Common sense should tell you that, no matter how you brew your iced tea, if it develops a sour smell, becomes thick, or you see ropey strands, it has gone bad and should be discarded immediately.

     Next blog I’ll share with you a safer alternative to sun tea

      Sources:

     Pro

    http://www.teageek.net/blog/?p=190

     Con

    http://www.roadfood.com/Forums/tm.aspx?m=210415&mpage=

  • The Pros and Cons of Making Sun Tea

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    PART I: The Pros

    I’ve made Sun Tea for years. Every year, my family and I anxiously await that first delicious gallon of tea. I use a 1 gallon glass pickle jar with a screw on lid. The jar is always scrubbed well with hot soapy water and well rinsed with plain water. Then I add my tea packets, filtered water, and tightly screw on the lid. Finally, the jar is placed out side in a sunny location and allowed to steep for 3 to 4 hours. When the tea is a deep, brown color, the tea packets are removed and the tea jar is immediately placed in the refrigerator. We are tea enthusiasts and a gallon of SunTea rarely lasts longer than one day.

    Here’s a great recipe that my husband’s Gramma gave me

    Gramma Sitko’s Iced Tea

    1 gallon of filtered water

    3 packets of a good black tea (I recommend using Pascoe’s Woodlands Iced Tea packets)

    ¾ cup of sugar

    5 to 6 ounces of lemon juice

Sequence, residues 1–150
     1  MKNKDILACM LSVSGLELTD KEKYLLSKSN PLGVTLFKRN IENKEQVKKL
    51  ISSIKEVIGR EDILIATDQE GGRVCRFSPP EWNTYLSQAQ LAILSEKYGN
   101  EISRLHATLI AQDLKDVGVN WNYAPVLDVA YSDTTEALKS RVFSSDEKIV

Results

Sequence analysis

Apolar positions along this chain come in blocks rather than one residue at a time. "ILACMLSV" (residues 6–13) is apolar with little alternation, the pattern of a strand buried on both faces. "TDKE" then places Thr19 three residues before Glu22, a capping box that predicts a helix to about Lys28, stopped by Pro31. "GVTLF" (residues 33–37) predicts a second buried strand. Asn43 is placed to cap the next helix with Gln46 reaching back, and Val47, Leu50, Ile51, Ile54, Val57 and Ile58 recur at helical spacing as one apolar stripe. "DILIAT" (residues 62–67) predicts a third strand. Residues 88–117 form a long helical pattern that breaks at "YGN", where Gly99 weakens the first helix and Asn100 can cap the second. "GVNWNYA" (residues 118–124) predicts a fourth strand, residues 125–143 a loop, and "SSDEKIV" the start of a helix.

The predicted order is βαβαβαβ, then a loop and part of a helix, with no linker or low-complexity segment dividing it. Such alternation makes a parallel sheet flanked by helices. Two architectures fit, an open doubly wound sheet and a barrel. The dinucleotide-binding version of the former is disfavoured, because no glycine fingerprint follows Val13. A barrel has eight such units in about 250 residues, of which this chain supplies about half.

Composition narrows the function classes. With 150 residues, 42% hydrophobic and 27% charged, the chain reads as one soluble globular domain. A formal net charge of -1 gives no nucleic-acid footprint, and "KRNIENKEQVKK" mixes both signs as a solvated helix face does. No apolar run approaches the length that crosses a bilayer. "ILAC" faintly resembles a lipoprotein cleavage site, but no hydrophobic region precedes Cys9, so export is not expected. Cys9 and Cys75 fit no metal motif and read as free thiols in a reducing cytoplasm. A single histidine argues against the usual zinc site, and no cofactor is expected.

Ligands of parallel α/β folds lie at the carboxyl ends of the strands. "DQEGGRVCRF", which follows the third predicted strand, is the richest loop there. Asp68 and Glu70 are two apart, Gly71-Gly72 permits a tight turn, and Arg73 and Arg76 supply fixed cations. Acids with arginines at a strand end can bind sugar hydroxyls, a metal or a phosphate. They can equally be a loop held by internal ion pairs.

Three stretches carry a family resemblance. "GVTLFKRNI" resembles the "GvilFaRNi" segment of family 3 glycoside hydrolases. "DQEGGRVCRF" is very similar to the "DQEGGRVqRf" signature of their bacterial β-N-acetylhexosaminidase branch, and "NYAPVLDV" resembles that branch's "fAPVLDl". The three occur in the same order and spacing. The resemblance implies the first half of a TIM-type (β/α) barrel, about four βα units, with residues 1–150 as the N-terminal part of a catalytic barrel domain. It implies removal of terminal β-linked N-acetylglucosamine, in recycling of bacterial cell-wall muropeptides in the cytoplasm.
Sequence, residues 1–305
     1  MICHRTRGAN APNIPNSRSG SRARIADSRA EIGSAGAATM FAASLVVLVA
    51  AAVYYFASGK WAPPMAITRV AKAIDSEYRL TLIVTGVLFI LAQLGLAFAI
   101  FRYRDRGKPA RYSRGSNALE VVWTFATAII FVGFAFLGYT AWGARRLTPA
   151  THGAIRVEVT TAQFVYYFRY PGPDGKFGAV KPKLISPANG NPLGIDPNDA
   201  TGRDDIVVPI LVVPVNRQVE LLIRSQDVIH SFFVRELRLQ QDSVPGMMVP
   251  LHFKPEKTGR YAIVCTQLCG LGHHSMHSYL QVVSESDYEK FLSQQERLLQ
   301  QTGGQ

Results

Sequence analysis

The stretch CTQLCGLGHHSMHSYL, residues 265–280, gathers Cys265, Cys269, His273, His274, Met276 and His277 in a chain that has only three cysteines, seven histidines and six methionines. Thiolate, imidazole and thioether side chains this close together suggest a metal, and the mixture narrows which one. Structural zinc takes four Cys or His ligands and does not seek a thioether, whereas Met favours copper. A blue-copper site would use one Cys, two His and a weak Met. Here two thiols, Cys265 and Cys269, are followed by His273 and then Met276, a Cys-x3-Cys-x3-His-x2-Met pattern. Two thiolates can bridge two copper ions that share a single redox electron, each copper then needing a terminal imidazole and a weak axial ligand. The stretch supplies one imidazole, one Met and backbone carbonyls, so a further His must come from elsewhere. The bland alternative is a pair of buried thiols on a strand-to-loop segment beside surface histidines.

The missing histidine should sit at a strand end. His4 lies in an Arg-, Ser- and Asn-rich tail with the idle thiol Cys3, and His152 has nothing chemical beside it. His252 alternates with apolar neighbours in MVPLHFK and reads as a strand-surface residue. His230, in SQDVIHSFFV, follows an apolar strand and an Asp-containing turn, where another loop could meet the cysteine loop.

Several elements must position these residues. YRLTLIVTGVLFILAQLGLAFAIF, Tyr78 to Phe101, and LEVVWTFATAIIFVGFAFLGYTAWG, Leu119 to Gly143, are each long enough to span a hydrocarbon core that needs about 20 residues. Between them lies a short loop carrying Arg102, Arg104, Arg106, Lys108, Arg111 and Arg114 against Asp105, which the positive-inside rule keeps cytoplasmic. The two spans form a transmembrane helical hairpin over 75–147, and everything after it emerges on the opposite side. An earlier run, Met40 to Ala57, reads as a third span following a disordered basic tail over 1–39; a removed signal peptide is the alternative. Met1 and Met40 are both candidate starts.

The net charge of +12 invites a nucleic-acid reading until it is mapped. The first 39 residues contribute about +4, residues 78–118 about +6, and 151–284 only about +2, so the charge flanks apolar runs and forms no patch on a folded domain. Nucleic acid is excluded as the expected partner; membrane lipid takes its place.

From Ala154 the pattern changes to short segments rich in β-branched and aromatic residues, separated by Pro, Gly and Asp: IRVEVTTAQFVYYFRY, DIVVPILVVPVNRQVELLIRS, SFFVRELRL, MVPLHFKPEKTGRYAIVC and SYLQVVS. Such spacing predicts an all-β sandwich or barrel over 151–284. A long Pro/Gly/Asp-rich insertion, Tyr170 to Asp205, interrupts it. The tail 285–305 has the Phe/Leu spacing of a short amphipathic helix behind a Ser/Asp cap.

Fill glass jar with 1 gallon of filtered water, add tea packets, and tightly cover with lid.

    Place jar in sunny location for 3 to 4 hours.

    Remove tea packets from jar.

    Mix sugar and lemon juice in a 1 gallon size pitcher, then pour in the warm Sun Tea.

    Stir well and refrigerate immediately.

    Read my next blog for the Cons of Making Sun Tea

  • Memorial Day Sun Tea

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    The sun was shining this morning and I thought “what a great day for some sun tea”. So, I got out my old gallon pickle jar, filled it up with filtered water, and added 3 packets of Madame Butterfly tea, a  green tea with a delicious fruity taste.  I placed my jar out on the back porch for several hours to brew. At dinner time, I poured the tea into tall, iced filled glasses and topped each glass off with a sprig of mint. What a perfect ending to a special holiday.

    (Iced Teas)